Daily Olympian: "Watergate" Swamps Athletic Competition
Usain Bolt won his third straight 200-meter- sprint gold medal and an American wrestler scored one of the Games' biggest upsets.
The only story people were really paying attention to was whether Ryan Lochte and three other American swimmers lied about being robbed, which is a shame because the day featured some fantastic athletic accomplishments.
What happened yesterday: "Watergate"
As always the New York Post nailed it.
Brazilian officials now believe that Lochte’s story about being robbed was fabricated. They pulled two American swimmers involved off a plane to question them (Lochte had already returned to the United States). Slate has a good explanation for the scandal. Deadspin thinks this is the best explanation for what happened. And here’s the latest update on the case. And late Thursday, news broke that Lochte had hired a crisis manager to advise him. And Page Six reports of friction between hosts Matt Lauer and Billy Bush over who would interview Lochte.
Predictably, the whole thing generated memes and jokes on social media.
"Guys, we're gonna be fine. It's just a damaged gas station bathroom door, now calm down and let me do the talking..." Ryan Lochte— Danny Zuker (@DannyZuker) August 18, 2016
On the field, the competition was terrific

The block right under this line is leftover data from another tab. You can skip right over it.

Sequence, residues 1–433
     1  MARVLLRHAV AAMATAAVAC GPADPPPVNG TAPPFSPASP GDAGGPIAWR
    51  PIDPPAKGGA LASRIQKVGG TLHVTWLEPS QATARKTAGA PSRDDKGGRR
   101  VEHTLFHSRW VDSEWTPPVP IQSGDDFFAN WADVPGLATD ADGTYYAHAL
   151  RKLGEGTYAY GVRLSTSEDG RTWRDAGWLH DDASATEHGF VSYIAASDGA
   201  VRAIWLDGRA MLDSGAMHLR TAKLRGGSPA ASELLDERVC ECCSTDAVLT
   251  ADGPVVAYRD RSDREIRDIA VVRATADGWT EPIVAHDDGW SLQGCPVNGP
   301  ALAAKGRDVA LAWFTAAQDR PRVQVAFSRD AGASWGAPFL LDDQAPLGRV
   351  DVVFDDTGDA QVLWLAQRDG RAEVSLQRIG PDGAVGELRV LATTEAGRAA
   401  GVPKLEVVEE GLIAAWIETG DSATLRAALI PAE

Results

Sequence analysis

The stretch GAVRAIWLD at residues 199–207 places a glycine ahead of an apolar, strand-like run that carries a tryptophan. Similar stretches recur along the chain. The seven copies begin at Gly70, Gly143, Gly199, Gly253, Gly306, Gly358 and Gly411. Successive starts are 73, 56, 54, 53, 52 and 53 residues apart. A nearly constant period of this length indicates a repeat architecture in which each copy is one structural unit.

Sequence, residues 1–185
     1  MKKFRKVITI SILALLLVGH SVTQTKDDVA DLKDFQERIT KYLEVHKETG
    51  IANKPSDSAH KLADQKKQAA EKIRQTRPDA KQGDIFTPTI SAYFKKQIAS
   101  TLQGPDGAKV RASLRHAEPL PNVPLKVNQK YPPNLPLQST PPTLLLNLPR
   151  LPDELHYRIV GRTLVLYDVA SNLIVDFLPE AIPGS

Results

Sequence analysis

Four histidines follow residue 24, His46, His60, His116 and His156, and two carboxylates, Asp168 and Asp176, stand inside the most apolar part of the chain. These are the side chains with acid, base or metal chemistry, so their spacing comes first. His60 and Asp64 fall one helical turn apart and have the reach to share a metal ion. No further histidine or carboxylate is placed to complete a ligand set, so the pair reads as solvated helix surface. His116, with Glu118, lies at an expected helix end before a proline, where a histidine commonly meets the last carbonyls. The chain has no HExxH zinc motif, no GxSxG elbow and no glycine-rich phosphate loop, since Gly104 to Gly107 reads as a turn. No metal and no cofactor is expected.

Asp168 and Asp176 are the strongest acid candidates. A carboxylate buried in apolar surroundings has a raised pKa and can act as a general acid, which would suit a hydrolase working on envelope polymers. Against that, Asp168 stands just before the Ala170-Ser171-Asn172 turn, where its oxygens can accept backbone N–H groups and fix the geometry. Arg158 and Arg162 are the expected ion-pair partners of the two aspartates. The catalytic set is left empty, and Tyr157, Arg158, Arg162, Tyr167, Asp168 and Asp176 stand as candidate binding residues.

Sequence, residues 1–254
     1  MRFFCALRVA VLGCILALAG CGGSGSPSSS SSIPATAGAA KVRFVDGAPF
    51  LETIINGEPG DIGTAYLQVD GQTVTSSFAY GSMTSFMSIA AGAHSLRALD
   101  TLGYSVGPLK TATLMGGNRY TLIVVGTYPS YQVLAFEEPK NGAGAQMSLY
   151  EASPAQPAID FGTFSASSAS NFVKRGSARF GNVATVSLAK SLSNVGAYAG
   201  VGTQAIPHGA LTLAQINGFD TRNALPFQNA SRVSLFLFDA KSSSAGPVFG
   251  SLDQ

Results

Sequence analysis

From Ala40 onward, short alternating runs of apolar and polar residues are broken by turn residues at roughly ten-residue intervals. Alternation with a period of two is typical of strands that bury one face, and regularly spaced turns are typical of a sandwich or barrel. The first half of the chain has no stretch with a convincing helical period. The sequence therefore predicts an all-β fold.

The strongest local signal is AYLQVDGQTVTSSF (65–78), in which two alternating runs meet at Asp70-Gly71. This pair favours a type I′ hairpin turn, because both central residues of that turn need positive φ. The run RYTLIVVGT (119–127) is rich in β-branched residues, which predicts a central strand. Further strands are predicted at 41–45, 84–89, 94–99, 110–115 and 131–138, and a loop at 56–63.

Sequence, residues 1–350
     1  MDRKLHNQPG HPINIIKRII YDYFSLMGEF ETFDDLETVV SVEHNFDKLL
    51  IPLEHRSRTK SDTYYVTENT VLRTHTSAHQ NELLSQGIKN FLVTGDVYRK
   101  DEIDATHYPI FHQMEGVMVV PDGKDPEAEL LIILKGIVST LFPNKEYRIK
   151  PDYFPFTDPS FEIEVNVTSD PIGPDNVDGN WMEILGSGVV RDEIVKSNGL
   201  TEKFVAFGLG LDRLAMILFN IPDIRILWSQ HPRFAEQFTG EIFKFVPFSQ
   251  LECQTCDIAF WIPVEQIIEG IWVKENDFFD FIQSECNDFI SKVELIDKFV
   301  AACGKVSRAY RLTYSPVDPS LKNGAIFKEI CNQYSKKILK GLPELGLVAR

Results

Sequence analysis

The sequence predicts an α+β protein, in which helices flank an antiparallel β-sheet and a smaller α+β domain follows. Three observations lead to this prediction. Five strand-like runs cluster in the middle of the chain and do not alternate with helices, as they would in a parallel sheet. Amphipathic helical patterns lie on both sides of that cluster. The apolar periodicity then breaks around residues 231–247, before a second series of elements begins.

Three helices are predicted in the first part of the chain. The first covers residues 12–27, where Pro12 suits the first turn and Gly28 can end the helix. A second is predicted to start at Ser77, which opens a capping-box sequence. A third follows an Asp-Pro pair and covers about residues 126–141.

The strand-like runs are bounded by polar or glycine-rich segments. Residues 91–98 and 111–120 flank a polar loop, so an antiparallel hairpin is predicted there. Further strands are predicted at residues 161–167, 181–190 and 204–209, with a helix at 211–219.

Lost amid the Lochte news was some great sporting drama. Helen Maroulis pulled off the greatest upset of the Olympics by defeating Saori Yoshida in the final of the women’s 53-kilogram class. Yoshida had won three straight gold medals, in fact Yoshida had never lost at an Olympics, world championships or Asian Games. Boom.
Meet the world’s greatest athlete
Ashton Eaton defended his decathlon title, becoming the first repeat winner since Great Britain’s Daley Thompson in 1980 and 1984. The decathlon used to be the premier event of the Games (How do you think Bruce Jenner got to be so famous?) but it has lost some of its luster. That’s a shame because the 10-event-two-day-marathon that is the decathlon is really amazing to watch.
Oh yeah, there was this guy
Usain Bolt defended his 200-meter title, winning gold in 19.78 to the 20.02 of silver medalist Andre De Grasse of Canada. He wasn’t close to his world record time of 19.19, but he was never in any danger of losing (the bird's-eye view is amazing. Bolt has now won the 100/200 double in three straight Olympics. And if he wins gold in the 4x100 on Friday he’ll have pulled off the triple in three straight Olympics.
What to watch today
The highlights of the night are the men’s and women’s 4x100 relay. In the men’s, Bolt’s run for the triple will be challenged by a strong American team. In the women’s final, the Americans barely made it after a dropped baton seemed to cost them a spot in the finals. But an appeal and a re-run got them a spot. Catch the women at about 9:15 p.m. ET and the men at about 9:35 p.m.
The U.S. men play Spain in the semifinals. The men did not look good, barely beating France and Serbia before running away from Argentina (CNBC, 6 p.m. ET). The women’s soccer final (NBCSN, 4:30 p.m. ET) features surprise Sweden (remember the team knocked out the U.S.) facing off against Germany. Also on the daytime docket: women’s BMX, medals awarded in women’s water polo and women’s field hockey and a full slate of boxing.